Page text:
Why the Time Might Be Right for Oil Shale
During the 2008 legislative session, high energy prices throughout the United States turned a spotlight on the hazards of depending on overseas energy suppliers. As calls to develop domestic energy resources increased in volume and chants of "drill, baby, drill" rang out at political rallies, then-Senator Ken Salazar (now Secretary Salazar) and his allies were unable to extend the moratorium on commercial leasing regulations for another year, and it expired at the end of September.
Secretary Salazar has consistently maintained that he supports the development of oil shale if it can be done in a way that minimizes negative impacts on the human and ecological communities of Shale Country. Several energy companies - notably RD&D lease holders Shell, Chevron, and AMSO - echo this sentiment that oil shale development must be "done right" or not done at all. But with a bout of soaring energy prices fresh in their memories and geopolitical instability rippling through global energy supply lines - lines increasingly stretched thin by rising demand from developing nations like China and India - a growing portion of Americans believe that the United States must move faster to develop more of the energy sources within its borders, including offshore oil deposits deep under the ocean floor and the oil shale buried under the Western Slope of the Rocky Mountains.
Advocates for tapping more of our domestic energy sources persuasively point to a variety of national security and economic benefits that would accompany such development. Many of the world's richest oil and gas supplies lie in places wracked by perpetual political instability or controlled by governments that view the US in less-than-friendly terms. Reliance on these unreliable suppliers poses a threat to America's national security that can be reduced by increasing production of domestic oil and gas resources.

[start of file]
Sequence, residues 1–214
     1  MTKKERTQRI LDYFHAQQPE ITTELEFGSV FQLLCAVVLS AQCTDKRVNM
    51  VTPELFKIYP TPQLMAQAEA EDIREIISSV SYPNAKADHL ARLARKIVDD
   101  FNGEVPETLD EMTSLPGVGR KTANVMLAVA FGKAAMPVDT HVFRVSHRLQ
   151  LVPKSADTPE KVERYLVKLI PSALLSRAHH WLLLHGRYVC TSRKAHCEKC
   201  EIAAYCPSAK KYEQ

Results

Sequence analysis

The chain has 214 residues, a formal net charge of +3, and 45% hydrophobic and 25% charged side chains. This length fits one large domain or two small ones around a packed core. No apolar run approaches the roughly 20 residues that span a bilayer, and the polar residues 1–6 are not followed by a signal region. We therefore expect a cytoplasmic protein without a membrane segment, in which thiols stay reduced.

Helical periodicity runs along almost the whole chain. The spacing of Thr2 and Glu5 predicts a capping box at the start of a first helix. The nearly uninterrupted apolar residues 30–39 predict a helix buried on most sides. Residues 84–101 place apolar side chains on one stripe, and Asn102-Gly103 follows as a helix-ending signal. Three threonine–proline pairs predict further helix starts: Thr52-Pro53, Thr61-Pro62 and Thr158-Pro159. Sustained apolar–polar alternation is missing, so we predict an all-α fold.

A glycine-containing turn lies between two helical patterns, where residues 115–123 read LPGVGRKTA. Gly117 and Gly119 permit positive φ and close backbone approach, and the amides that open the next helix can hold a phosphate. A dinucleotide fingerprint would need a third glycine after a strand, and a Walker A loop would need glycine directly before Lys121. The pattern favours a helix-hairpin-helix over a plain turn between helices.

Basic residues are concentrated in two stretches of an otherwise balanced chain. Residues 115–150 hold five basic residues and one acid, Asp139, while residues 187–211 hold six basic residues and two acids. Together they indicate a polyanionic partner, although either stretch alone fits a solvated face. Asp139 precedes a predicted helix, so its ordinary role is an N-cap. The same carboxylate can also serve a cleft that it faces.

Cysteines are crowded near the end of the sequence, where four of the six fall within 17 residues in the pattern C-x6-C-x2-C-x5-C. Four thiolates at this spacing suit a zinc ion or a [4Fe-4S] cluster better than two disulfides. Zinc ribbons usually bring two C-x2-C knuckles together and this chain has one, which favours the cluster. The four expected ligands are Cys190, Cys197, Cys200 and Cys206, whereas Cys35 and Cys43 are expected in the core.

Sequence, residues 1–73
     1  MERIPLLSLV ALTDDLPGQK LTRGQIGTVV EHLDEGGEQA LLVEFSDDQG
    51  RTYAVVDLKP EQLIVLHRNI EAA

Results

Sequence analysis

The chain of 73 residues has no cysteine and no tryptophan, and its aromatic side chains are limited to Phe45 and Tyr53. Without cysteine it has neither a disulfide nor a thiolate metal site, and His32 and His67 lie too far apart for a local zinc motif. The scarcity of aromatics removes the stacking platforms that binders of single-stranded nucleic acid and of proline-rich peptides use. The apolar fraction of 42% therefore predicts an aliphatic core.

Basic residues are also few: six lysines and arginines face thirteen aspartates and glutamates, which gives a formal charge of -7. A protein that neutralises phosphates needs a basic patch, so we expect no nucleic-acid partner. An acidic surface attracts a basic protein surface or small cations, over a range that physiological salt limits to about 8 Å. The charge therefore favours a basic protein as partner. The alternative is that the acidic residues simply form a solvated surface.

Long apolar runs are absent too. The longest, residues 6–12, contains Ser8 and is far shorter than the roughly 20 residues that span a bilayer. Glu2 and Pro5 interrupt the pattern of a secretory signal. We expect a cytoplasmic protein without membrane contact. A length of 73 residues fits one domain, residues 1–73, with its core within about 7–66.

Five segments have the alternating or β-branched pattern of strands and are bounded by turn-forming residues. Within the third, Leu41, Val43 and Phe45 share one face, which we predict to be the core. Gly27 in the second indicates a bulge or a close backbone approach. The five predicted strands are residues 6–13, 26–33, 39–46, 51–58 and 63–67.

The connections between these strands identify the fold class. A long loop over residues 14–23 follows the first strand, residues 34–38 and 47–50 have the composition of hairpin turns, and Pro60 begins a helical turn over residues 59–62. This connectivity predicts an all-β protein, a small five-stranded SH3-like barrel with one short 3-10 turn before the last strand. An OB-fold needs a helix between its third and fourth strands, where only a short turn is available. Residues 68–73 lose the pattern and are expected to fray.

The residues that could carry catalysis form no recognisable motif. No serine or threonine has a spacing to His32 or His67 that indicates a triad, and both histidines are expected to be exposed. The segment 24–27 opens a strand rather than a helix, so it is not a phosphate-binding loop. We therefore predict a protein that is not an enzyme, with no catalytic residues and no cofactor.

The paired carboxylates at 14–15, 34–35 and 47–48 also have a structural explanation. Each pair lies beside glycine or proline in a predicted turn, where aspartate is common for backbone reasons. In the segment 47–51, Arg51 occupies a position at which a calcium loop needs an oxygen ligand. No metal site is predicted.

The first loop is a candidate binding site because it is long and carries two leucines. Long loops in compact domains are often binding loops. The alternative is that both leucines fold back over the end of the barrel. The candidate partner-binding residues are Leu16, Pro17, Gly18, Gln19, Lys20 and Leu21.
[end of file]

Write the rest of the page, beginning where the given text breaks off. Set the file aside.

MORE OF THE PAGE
Developing our domestic energy resources is not a panacea. In this globalized century, it is no longer credible to argue that the United States can drill its way out of this energy crisis. It is even time to reassess the late-twentieth-century dream of American energy independence in a fossil-fuel-driven world economy. Nevertheless, the development of major domestic energy sources like oil shale would be a significant step toward gaining greater national control over our energy supply. Oil shale has the potential to shift the center of gravity in the US petroleum supply away from the Persian Gulf and to the Americas, thus freeing the nation from our reliance on unfriendly oil producers overseas.
What's more, such a shift would curtail the enormous transfer of wealth that results from US dependence on foreign oil. If more oil were produced in the United States, Americans would direct their dollars into energy industry jobs closer to home rather than send huge amounts of capital to overseas oil suppliers.
The history of efforts to develop an oil shale industry on the Western Slope is not encouraging, but oil shale advocates point to several changes since the last bust that make the industry finally viable in the twenty-first century. First and foremost, global oil production has leveled off and may have reached its peak. In contrast to the 1970s, when oil prices were artificially driven up by the OPEC oil embargo, escalating energy prices today reflect increasing global demand for a truly limited resource. The anomalous oil price whiplash of 2008 not withstanding, the relatively stable price trajectory created by this tightening market - and the steady revenue streams an upward trajectory will create - provide an economic incentive for development and make it easier for companies to invest in new resources and new technologies without fearing sudden market fluctuations that might kill new development. Oil shale is near the top of the list of promising new fossil fuel resources to invest in because it is richer in energy than other remaining unconventional resources.
The energy companies at work in Shale Country today believe that, even if crude oil prices level out, oil shale's moment may finally be at hand. As Shell spokesman Tracy Boyd recently put it, "Regardless of where oil prices are, we think the opportunity is great and the benefit is great. We plan to continue our slow and methodical approach and stay the course." Although a commercial industry is still a decade or two in the future, the new generation of in situ technology that Shell and its counterparts in Shale Country are methodically investing in has the potential to make oil shale development economically and environmentally viable. And at a moment when national security concerns are converging with economic anxieties in a troubling pattern, the prospect - and potential ramifications - of developing this massive domestic energy resource staggers the mind.34